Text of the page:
5 actions employees should take in case of debt default

By Scot Herrick | Cube Rules Commentary

Jul 25

The traditional media is finally catching up to what a lot of us have seen for a while: There is a very good possibility that the United States will default on its debt on August 2nd by not raising the debt ceiling. The impact of that, according to pundits, is anything from “nothing” to the end of the financial world, putting us back into a recession or depression. Worse than the one we haven’t got out of yet…

Even if you live outside the United States (and thanks for reading Cube Rules), a US default will have significant impacts across the planet’s financial systems.

As employees working in cubes, should we just throw our hands up in despair and whine about Washington and politics? Well, you can, but there are some concrete actions you can take now if a default happens.

1. Lock down any floating interest rates

Floating interest rates are often tied to the cost of Treasury bills — and that rate will most likely go up in case of a default. Whether it is a variable rate loan, credit card, home mortgage or other financial instrument, the time to lock this down at current rates is now. I locked rates on a home loan this past Friday in case a default occurs.

2. Consider going to 100% cash in your IRA or 401(k)

There is more than chatter on financial sites that a default would cause all sorts of drops in stocks (the stock market, because of those great corporate earnings that have not translated into jobs, is close to a 3-year high). Why take a 20% haircut on your savings by holding on to your positions and hoping the market comes back soon? Instead, you can go to cash now and then reinvest when you can see past the crisis. You can move all your holdings in 401(k)’s and IRA’s into cash without taking money out of the account.

I’m not a financial advisor, but this seems a logical move. Right now, I have zero exposure to stocks in my retirement accounts with the majority of my savings in…cash…until I can see past a crisis.

3. Review how long your job will last

I advocate that every job will end; the only question is when. Either you’ll get sick of doing your job or your company won’t see the need for the work you do. I advocate figuring out how long you think the job will last and then to check the decision at least once a quarter — or when circumstances change.

Well, a default is a change in circumstances. Instead of reviewing how your company is doing quarterly, it’s time to look at your situation weekly until the crisis is resolved and management can see the way again. Given the job market — and a default, it may not make sense to necessarily change companies or get a new job. But it sure makes sense to have your eyes and ears wide open so you are not surprised.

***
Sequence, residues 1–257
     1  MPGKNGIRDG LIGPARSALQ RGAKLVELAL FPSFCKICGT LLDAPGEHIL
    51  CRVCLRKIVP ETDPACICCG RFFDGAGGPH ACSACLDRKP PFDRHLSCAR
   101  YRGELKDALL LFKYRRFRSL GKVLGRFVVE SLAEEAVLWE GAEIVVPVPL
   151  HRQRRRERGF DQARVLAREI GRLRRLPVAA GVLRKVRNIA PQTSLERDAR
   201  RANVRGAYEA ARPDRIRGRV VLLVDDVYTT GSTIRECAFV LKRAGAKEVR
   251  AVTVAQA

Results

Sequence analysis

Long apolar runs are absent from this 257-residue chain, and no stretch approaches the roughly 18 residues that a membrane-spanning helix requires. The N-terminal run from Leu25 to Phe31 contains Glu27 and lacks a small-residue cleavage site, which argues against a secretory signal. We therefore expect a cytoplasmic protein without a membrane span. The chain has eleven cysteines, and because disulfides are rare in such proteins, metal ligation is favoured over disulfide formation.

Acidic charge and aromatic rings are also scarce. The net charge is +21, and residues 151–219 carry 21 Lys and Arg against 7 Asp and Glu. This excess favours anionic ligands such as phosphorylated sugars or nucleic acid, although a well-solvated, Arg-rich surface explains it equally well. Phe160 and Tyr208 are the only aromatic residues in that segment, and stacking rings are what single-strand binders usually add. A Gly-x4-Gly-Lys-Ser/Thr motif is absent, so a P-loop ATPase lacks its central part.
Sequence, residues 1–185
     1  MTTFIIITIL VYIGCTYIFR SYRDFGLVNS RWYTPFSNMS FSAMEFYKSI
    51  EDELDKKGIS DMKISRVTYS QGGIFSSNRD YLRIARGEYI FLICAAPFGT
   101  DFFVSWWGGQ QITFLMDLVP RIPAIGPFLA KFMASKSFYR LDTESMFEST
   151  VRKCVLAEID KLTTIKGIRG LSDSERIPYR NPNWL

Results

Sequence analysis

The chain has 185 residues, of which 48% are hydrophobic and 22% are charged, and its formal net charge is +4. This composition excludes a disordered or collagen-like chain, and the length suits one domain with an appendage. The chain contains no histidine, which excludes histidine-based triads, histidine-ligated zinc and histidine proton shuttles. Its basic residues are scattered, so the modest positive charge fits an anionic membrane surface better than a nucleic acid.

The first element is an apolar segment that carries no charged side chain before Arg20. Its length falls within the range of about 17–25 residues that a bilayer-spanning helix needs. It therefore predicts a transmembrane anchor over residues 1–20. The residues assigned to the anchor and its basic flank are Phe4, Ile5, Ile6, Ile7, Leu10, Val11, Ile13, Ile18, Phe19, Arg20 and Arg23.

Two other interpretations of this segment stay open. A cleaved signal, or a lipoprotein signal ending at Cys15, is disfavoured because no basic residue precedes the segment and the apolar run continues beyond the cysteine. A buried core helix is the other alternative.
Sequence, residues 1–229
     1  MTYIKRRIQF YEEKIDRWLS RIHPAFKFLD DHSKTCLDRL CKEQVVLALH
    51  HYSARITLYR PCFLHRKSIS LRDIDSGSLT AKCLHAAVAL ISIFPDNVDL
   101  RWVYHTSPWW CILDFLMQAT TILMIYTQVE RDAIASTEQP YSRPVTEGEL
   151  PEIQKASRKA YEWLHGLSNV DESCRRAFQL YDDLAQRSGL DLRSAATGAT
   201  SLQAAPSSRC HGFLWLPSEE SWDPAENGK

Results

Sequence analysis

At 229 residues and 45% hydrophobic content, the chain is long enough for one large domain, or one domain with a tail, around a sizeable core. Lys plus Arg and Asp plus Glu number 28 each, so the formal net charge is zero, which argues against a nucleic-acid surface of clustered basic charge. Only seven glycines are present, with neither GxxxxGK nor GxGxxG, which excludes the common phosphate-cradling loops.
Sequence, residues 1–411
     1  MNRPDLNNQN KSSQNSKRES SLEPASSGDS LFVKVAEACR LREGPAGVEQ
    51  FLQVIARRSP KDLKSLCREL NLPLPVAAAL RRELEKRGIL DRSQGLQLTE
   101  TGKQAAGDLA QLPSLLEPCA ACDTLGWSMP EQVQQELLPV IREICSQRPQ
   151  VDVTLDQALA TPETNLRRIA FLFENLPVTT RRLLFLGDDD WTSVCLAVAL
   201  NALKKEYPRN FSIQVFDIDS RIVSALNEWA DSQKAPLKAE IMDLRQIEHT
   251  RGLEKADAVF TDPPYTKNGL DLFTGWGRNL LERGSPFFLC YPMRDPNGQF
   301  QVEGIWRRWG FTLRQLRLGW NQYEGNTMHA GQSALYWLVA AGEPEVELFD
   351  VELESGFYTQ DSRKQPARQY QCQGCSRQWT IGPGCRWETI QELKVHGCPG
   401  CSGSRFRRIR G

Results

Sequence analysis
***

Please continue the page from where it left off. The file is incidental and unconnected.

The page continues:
4. Don’t take on more debt

If some of the worse events happen because of a default, lots of layoffs will occur. Now is not the time to be adding thousands of dollars to a credit card — especially if there is any variable rates. Besides, after savings and a long layoff, you may need some of that available credit.

5. Make sure to fund your emergency fund

Not much you can do in a week, of course. But your emergency fund (I advocate one year’s take home pay, but at least 3-months worth is needed) needs funding. If the economy takes a shock, credit won’t be available to use and layoffs will happen. Your emergency fund is what keeps the wolves at bay.

Pundits will claim that default is unthinkable — and it is. But that’s not reality. Reality is that there are Wall Street traders looking at the crazy people in Washington and taking out Credit Default Swaps — yeah, the same ones that brought down the banks with sub-prime mortgages — betting that the US will default because of what they perceive. We’ll see how the negotiations go in Washington. But, trust me, if a default happens, it will impact either in your job or your family life.

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About the Author

Scot Herrick is the author of “I’ve Landed My Dream Job–Now What???” and owner of Cube Rules, LLC. Scot has a long history of management and individual contribution in multiple Fortune 100 corporations.